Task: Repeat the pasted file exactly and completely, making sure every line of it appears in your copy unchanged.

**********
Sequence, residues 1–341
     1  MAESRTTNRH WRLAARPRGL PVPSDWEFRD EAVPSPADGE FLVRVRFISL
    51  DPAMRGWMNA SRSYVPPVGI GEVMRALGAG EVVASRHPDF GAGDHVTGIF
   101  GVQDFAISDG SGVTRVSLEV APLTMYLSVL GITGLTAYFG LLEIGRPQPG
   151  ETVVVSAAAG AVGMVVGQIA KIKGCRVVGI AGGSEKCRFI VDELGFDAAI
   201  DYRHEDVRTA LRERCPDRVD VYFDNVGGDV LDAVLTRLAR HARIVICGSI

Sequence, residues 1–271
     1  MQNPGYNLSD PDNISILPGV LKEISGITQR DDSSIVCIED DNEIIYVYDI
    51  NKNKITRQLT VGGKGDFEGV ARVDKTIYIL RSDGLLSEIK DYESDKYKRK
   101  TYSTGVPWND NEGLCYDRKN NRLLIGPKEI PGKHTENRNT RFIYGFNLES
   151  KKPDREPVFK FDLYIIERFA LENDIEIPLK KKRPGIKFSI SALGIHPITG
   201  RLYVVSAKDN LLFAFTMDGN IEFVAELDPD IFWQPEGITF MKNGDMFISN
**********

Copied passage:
Sequence, residues 1–341
     1  MAESRTTNRH WRLAARPRGL PVPSDWEFRD EAVPSPADGE FLVRVRFISL
    51  DPAMRGWMNA SRSYVPPVGI GEVMRALGAG EVVASRHPDF GAGDHVTGIF
   101  GVQDFAISDG SGVTRVSLEV APLTMYLSVL GITGLTAYFG LLEIGRPQPG
   151  ETVVVSAAAG AVGMVVGQIA KIKGCRVVGI AGGSEKCRFI VDELGFDAAI
   201  DYRHEDVRTA LRERCPDRVD VYFDNVGGDV LDAVLTRLAR HARIVICGSI

Sequence, residues 1–271
     1  MQNPGYNLSD PDNISILPGV LKEISGITQR DDSSIVCIED DNEIIYVYDI
    51  NKNKITRQLT VGGKGDFEGV ARVDKTIYIL RSDGLLSEIK DYESDKYKRK
   101  TYSTGVPWND NEGLCYDRKN NRLLIGPKEI PGKHTENRNT RFIYGFNLES
   151  KKPDREPVFK FDLYIIERFA LENDIEIPLK KKRPGIKFSI SALGIHPITG
   201  RLYVVSAKDN LLFAFTMDGN IEFVAELDPD IFWQPEGITF MKNGDMFISN